Predicted tissue-specific functionality in the genome was estimated through the presence of well-characterised DNase 1 hypersensitivity sites and histone marks and using GenoSkyline.28 Precalculated, genome-wide, tissue-specific, posterior probability scores (GenoSkyline (GS) scores) for the whole brain and subregions of the brain (angular gyrus, prefrontal cortex, cingulate gyrus, anterior caudate, hippocampus, inferior temporal gyrus and substantia nigra) were obtained from the GenoSkyline database.

Follow-up analysis of epigenetic data from the Roadmap Epigenomics Project was conducted to identify predicted chromatin state in a genomic region of interest across specific tissue types. The 18-state model was evaluated in angular gyrus, prefrontal cortex, cingulate gyrus, anterior caudate, hippocampus, inferior temporal gyrus and substantia nigra. Data were visualised using the Washington University in St Louis EpiGenome Browser V.42.

The 3D Genome Browser was used to visualise publicly available chromatin contact maps at 10 kb resolution from adult hippocampal tissue.29 30

Detailed descriptions of the bioinformatic analysis are reported in the online supplementary methods.

Neuroimaging genetic analysis

Neuroimaging genetics analysis in the PING sample was conducted using a linear regression association test in PLINK V.1.9. All analyses were corrected for the effects of age, sex, handedness, scanner device,31 intracranial volume, highest parental education, family income and the first four genome-wide PCs to correct for population stratification (online supplementary figure S2E). Left and right cortical volumes across seven regions of interest associated with the canonical reading network were tested for genetic association (online supplementary table S3). The left and right hippocampus was also included based on follow-up analyses, for a total of 16 assessed regions.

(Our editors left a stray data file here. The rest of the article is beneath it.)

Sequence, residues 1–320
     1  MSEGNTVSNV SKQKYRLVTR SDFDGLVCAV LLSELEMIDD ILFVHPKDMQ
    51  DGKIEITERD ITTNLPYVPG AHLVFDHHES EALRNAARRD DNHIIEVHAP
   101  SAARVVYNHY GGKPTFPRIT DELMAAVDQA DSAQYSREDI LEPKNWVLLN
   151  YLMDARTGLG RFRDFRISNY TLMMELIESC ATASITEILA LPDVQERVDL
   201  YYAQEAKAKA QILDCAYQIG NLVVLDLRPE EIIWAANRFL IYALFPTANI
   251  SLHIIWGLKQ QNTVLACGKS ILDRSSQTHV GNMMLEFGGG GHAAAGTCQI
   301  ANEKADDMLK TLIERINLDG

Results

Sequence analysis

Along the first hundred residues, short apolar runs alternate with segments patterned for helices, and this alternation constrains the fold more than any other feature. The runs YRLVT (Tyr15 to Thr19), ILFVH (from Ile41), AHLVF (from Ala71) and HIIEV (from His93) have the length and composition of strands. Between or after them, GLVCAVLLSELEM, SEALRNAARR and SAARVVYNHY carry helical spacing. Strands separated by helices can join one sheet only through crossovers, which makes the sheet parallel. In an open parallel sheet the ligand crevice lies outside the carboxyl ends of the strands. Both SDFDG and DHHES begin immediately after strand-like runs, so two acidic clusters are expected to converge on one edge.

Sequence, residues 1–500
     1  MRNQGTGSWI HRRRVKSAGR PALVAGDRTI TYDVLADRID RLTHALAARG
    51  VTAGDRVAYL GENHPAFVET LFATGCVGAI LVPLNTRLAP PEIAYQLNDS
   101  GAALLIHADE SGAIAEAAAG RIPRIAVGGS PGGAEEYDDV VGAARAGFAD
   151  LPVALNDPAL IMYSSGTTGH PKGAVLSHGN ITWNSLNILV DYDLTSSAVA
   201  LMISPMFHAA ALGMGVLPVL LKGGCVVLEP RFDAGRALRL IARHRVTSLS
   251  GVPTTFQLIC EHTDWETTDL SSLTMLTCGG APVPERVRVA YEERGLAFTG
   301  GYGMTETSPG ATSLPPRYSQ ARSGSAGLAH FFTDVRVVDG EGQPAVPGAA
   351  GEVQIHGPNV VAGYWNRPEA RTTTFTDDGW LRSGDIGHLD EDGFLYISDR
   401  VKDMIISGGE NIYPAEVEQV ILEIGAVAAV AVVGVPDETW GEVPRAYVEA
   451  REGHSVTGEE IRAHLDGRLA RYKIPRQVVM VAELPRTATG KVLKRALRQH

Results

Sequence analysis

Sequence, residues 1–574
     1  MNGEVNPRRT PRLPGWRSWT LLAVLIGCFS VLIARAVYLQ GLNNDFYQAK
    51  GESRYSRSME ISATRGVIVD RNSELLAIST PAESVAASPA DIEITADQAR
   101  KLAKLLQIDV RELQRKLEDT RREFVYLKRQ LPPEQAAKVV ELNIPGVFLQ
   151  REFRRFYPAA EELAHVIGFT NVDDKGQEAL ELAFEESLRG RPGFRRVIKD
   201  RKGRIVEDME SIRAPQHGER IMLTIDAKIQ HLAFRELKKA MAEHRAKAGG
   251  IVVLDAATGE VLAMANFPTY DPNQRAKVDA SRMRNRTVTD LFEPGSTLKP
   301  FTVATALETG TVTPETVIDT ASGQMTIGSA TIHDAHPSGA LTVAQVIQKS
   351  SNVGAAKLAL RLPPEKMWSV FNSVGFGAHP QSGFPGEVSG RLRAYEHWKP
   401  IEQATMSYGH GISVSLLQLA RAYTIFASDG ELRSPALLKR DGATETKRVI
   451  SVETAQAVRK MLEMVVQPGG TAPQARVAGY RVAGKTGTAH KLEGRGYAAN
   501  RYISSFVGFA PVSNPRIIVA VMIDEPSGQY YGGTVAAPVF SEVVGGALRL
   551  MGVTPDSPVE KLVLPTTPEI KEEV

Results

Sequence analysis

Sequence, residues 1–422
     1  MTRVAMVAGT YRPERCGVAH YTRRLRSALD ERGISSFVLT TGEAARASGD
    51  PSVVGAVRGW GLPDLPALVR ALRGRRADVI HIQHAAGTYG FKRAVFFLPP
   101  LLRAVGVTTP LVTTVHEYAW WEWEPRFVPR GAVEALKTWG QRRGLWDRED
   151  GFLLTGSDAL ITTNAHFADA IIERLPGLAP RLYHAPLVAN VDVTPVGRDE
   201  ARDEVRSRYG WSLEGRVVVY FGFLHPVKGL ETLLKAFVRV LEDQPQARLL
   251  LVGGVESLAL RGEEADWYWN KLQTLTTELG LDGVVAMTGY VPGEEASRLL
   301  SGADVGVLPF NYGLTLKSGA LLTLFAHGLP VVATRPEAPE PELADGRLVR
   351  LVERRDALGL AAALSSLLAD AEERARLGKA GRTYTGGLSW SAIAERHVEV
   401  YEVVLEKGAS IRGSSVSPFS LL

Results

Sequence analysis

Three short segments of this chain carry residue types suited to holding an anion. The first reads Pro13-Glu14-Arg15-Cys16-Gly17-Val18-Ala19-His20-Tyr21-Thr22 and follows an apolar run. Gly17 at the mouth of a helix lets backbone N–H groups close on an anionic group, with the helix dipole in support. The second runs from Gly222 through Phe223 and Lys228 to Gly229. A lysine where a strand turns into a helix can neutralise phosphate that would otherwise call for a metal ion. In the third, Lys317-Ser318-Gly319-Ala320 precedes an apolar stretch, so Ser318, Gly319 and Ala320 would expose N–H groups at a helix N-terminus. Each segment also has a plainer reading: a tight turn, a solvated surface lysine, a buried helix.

Multivariate and univariate associations for RAN and RAS

There are significant Pearson correlations across RAN Objects, RAN Letters and RAS Letters/Numbers in the GRaD sample ranging from 0.621 to 0.781 (p<1×10−140; online supplementary table S4), providing the rationale to use a multivariate GWAS. Multivariate GWAS of RAS Letter/Numbers, RAN Objects and RAN Letters reveals a genome-wide significant effect for rs1555839 (p=4.03×10−8; genomic inflation factor [λ]=1.047; figure 1, online supplementary figure S4, table 1) located approximately 5 kb upstream from ribosomal protein L7 pseudogene 34 (RPL7P34). RPL7P34 is a long non-coding RNA (lncRNA) on chromosome 10 mapping between the genes LIPF and LIPJ. Additional SNPs approaching significance (p<1×10−5) cluster within a 70 kb region of chromosome 10q23.31 that spans RPL7P34 and a gene called renalase (RNLS; MIM: 609360) (figure 1B). To determine whether specific variables may be driving the multivariate signal, we conducted an independent, post-hoc, univariate examination of RAN Objects, RAN Letters and RAS Letters/Numbers on the top SNPs identified in the multivariate analysis. The independent analysis shows that the SNPs located on chromosome 10q23.31 have an effect across all RAN and RAS tasks (table 1, online supplementary figure S5–S7). The strongest association in the chromosome 10q23.31 region is with SNP rs1555839 (β=−0.31, p=1.71×10−9) for RAS Letters/Numbers.